In March the UAE, along with the 177 other countries that cooperate to protect endangered species, added five species of shark to the list of creatures given worldwide protection from human predators.
The member governments of the Convention on the International Trade in Endangered Species (Cites) decreed that the five types of shark may no longer be traded internationally.
Of the five, three - smooth, great and scalloped hammerheads - are found in the UAE's waters. The three kinds of hammerhead that are caught here are all highly at risk when there is overfishing, because they are slow-growing and produce few young.
Promising to protect these species was a proud step forward in marine conservation for this country. But now the promise must be kept, and that will not be as simple. Legislation or regulations will have to be changed, and then enforced properly and incessantly.
Around the world, fish stocks are dwindling at an alarming rate, precisely because enforcement is neither uniform nor consistent.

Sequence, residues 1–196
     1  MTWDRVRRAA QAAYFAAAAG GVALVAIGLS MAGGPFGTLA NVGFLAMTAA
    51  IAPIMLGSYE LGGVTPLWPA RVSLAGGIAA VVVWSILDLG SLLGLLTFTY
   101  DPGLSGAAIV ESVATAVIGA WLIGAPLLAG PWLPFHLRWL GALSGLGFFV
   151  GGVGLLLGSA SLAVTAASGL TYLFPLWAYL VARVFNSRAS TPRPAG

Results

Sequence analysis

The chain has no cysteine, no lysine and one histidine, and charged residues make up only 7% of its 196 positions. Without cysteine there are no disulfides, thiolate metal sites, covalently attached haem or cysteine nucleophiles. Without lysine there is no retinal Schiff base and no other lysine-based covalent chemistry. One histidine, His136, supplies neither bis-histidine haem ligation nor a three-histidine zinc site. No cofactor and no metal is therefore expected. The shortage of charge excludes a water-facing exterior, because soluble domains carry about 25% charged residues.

The UAE is a major transit point for shark products; only four countries ship more shark fin to Hong Kong, the world's trade hub for this controversial commodity. Most of those exports move through the UAE, originating in nearby countries such as Oman and Yemen.
And enforcement is shaky at best, it appears. At a shark-conservation conference in Dubai last year, doctoral student Rima Jabado reported findings suggesting that the 2008 law banning most shark fishing off the UAE's coast for the first four months of each year is frequently ignored and hardly enforced. In fact, more than half of total shark landings at Abu Dhabi Freeport in 2012 occurred in the first four months of the year, according to experts who track the statistics.
These figures suggest that determined, concrete actions are needed to translate good intentions into actual conservation measures.
Traders and retailers, even if they understand the danger to stocks, are understandably reluctant to forego income, especially if they see others continuing to profit from supposedly-banned trade.
As with ivory on land, a well-administered system of international licensing could help resolve the competition between commerce and conservation. But marine sustainability is a collective responsibility, which no country can meet without tough enforcement.